Academic journal article Teacher Education Quarterly

"Seeing the Everyday through New Lenses": Pedagogies and Practices of Literacy Teacher Educators with a Critical Stance

Academic journal article Teacher Education Quarterly

"Seeing the Everyday through New Lenses": Pedagogies and Practices of Literacy Teacher Educators with a Critical Stance

Article excerpt

Introduction

We need to talk about what the work of literacy teacher educators and
teacher educators is for, and what it resists.... Literacy teaching and
teacher education are fundamentally about equity, access, and justice.
They are about learning and teaching as political acts. (Lytle, 2013,
p. xvii)

Described as "linchpins" (Cochran-Smith, 2003) and a "nexus point" (Kosnik, Rowsell, Williamson, Simon, & Beck, 2013) in educational reforms, literacy teacher educators (LTEs) with a critical stance play a key role in preparing future literacy teachers to effectively teach in diverse classrooms. They have the ability to reimagine literacy teacher education as a site of justice and equity, as Lytle (2013) noted to be the aim of teacher education. LTEs play a central role in student teachers' development because they help them acquire the knowledge and skills necessary for literacy teaching and learning while providing opportunities for them to engage in practices they may not have experienced in their own schooling (Williamson, 2013). As such, LTEs have both the "privilege and responsibility" of creating "learning experiences that support [student teachers'] development of the knowledge, skills, and dispositions needed to work confidently with culturally and linguistically diverse children and families" (Rogers, 2013, p. 7). Little attention, however, has been paid to how LTEs are accomplishing this.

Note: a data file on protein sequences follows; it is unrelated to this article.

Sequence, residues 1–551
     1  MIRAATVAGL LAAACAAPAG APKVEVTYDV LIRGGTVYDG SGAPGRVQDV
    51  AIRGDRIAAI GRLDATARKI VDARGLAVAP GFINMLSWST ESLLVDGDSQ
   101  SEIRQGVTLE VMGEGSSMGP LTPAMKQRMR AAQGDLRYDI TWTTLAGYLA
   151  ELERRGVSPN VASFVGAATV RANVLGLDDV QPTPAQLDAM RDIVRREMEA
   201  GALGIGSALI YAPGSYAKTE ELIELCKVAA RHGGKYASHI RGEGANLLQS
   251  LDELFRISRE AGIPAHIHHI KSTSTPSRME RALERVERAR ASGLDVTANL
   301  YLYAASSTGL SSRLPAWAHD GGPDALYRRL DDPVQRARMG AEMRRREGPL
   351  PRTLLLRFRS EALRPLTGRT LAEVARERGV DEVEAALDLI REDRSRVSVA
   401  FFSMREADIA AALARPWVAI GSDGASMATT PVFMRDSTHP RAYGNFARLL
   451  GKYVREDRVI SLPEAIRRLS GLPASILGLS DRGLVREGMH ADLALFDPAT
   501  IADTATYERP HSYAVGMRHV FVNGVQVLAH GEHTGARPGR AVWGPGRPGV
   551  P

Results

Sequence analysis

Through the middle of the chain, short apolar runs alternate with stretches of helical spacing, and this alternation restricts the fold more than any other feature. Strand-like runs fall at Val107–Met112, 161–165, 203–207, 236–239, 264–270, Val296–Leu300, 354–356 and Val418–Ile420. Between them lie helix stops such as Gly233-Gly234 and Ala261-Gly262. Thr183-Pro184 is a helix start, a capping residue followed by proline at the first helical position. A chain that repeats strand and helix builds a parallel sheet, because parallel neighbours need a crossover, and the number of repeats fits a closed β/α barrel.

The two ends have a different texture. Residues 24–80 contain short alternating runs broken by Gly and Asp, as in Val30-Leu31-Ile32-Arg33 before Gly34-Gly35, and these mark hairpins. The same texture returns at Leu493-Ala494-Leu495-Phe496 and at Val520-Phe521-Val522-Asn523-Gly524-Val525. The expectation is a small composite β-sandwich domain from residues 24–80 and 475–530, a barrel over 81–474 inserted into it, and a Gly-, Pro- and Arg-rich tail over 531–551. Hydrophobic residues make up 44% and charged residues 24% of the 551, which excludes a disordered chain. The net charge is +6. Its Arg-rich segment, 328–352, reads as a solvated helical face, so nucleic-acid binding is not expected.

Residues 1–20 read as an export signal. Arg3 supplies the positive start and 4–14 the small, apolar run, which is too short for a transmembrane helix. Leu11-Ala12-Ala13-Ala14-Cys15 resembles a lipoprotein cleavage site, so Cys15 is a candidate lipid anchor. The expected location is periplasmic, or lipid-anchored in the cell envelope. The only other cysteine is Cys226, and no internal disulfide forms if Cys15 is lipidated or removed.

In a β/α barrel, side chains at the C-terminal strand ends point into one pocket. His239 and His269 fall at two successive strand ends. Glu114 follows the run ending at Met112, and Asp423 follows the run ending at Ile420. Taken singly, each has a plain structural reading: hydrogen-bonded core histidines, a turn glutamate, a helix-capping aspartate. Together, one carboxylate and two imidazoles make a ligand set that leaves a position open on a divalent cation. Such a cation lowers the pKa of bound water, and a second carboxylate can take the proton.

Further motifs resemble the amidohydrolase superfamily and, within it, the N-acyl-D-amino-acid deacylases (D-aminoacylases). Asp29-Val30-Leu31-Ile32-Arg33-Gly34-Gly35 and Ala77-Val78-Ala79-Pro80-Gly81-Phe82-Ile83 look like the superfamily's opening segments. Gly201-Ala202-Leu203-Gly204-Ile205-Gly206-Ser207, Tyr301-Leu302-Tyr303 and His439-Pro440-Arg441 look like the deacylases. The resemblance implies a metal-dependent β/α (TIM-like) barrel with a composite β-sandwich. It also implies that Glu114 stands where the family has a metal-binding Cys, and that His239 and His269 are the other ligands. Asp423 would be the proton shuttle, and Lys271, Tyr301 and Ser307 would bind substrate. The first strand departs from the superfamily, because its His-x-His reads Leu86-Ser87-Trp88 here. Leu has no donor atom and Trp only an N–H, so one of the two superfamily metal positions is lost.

When teacher educators adopt a critical stance, it involves attitudes and dispositions that aim "to question power, inequality, and the status quo; to understand our own participation in power structures; and to reframe and retheorize our beliefs and understandings" (Scherff, 2012, p. 202). When student teachers are given opportunities to inquire into the power and positioning of texts and society, they are able to make links between power and language while valuing diversity (Rogers, 2014; Rogers & Mosley-Wetzel, 2013). The influence LTEs have on the future work of student teachers calls for research focused on teacher educators' beliefs and practices about teaching and learning in relation to their own critical literacy pedagogical practices. This article aims to explore the practices and pedagogies of six LTEs with a critical stance. The specific questions that guided this aspect of the study are as follows:

1. What are the practices and pedagogies of LTEs with a critical stance?

2. What learning opportunities do LTEs provide their student teachers to encourage the development of dispositions and skills needed to teach in today's classrooms?

Gaining insights into how LTEs actualize a critical stance is a timely topic for fellow teacher educators, as Lytle (2013) has asserted: "Literacy teacher educators are looking for powerful accounts that talk back loudly to the central issues, struggles, and conditions of their work" (p. xix). Through a series of interviews and analyses, clarity is gained around their understandings of critical literacy, an often ambiguously understood concept (Vasquez, 2013). Additionally, by studying in depth their backgrounds, knowledge base, and experiences, we will deepen our understanding of the rationale behind the difficult pedagogical decisions this group routinely makes to enact a critical stance. Finally, the findings from this study will help LTEs and administrators to further understand multiple perspectives of critical literacy in higher education contexts. A greater understanding will encourage the refinement and integration of key critical literacy concepts and practices into induction for teacher educators and, in turn, teacher education courses. Teacher educators' conceptualizations and enactments of pedagogy are influenced by the context in which they teach, specifically, by the barriers they face and supports they receive. During a time of educational reforms that have largely focused on outcomes, measures, and mandating the particulars of teacher education courses (Darling-Hammond, 2012), it is necessary to understand the ways in which LTEs negotiate a critical stance to prepare student teachers to teach in diverse classrooms. …

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